From an epidemiology standpoint, this is a good strategy. We must reopen with care—slowly, cautiously, with robust testing and contact tracing.   

We will continue to see deaths, and we’re all worried about a second wave once people resume normal activities—particularly when flu season arrives in the fall. We’ve seen the potential danger of relaxed restrictions in places like South Korea, where a single person going to a nightclub infected perhaps 85 others. Rochester must continue to exercise discipline in social distancing, mask wearing, and hand washing. 

Next steps: decisions on school reopening 

Among the next big decisions we face locally, the question of school reopenings looms large. We know that schools can be hotbeds of disease transmission, as we’ve seen with measles. We don’t yet know what interventions are most effective in school settings. Again, we must proceed cautiously, test robustly, and be ready to respond quickly to evidence of spread. 

What gives me hope—and what worries me 

These days I spend about half my time answering questions from hospital executives, nurses, staff members, and colleagues about infection control—what measures are evidence-based and what are not—so we remain in compliance with guidance from the Centers for Disease Control and Prevention, and state and local health departments. The other half of my time, I treat patients hospitalized with COVID-19. We are constantly refining our treatment guidelines as more data become available. 

What gives me hope is the high quality of our local response—among health care officials, elected representatives, businesses, and average citizens. Our testing and contact-tracing capacity are growing significantly. We’re learning more about treatment options. And, while we’re still using conservation measures in the use of PPE, production is ramping up, and our supply has improved. 

What worries me is the risk of a secondary surge, particularly if people here and elsewhere relax precautions without adequate controls. This virus is a killer that does not respect borders.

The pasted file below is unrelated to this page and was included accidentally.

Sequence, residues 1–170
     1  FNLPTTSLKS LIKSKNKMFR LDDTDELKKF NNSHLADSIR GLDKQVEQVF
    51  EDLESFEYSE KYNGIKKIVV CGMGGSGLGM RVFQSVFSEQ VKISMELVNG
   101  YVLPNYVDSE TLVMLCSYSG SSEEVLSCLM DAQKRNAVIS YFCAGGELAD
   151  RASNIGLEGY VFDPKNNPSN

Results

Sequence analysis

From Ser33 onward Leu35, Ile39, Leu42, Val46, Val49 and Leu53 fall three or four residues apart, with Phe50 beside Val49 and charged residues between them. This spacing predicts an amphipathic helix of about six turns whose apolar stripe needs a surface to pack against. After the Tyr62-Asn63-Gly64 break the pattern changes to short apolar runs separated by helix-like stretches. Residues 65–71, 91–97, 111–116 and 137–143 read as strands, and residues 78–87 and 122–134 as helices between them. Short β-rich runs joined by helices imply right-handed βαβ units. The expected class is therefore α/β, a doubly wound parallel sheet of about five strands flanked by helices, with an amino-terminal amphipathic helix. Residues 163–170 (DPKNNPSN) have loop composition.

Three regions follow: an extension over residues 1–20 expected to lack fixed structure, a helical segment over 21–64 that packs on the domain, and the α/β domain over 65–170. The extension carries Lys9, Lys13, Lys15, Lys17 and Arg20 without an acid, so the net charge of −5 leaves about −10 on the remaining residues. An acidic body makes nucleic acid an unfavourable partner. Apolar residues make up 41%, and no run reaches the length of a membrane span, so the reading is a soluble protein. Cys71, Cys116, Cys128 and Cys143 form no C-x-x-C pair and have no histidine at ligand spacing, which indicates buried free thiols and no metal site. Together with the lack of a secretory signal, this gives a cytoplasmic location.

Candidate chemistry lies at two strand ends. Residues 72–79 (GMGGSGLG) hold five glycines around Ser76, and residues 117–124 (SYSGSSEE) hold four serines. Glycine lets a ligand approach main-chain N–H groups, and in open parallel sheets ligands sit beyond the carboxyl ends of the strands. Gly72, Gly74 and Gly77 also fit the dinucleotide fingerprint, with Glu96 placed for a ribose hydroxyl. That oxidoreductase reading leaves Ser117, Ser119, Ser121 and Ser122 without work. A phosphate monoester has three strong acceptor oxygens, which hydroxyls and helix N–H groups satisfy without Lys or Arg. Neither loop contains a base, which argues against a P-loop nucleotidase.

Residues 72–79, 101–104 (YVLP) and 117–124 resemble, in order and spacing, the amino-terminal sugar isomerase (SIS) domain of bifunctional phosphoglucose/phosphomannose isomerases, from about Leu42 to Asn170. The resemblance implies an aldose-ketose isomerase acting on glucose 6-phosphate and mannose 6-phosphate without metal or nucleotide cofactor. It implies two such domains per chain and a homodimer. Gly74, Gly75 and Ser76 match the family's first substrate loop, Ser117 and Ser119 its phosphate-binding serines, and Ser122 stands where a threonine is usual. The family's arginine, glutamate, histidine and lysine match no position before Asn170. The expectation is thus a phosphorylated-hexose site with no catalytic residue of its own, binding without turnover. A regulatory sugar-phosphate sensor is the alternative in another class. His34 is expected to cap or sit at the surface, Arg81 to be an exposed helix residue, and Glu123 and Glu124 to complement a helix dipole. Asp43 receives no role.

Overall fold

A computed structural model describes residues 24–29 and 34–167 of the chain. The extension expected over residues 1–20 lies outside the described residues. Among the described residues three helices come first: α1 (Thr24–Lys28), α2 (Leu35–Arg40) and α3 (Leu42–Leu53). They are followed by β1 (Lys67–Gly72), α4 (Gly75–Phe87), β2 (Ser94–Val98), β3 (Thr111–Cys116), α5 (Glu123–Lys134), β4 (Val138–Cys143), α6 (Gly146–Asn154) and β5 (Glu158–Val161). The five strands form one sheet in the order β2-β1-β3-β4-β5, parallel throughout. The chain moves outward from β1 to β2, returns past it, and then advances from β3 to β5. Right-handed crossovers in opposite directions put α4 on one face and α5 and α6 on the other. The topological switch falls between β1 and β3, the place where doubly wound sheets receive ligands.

My advice to readers today is: Obtain your information from reliable sources—including Monroe County Commissioner of Public Health Michael Mendoza, M.D., and Monroe County Executive Adam Bello. Continue practicing hand hygiene, sanitization, and social distancing. Wear a mask in public. Keep taking care of yourselves and one another.

Emil Patrick Lesho, DO, FACP, FIDSA, FSHEA, is a specialist in infectious disease and the health care epidemiologist at Rochester Regional Health.  All Rochester Beacon coronavirus articles are collected here.

One thought on “COVID-19: What we did right, where we stand, what’s next

  1. We learned that nursing homes were woefully underprepared to detect and manage the virus in a highly vulnerable population. Workers are underpaid and poorly supervised, or trained. Moreover, most nursing homes don’t have emergency response plans or are unable to implement them. Republican senators want to protect nursing homes and others from any legal claims or financial responsibility for their failures. I beg to differ. I also believe that the State must have a more robust regulatory emergency framework to deal with outbreaks. Hospitals could play a key role in developing a region-wide plan for nursing homes to follow in early detection and response and how hospitals deal with returning patients to care facilities. Too many unnecessary deaths resulted from this glaring failure.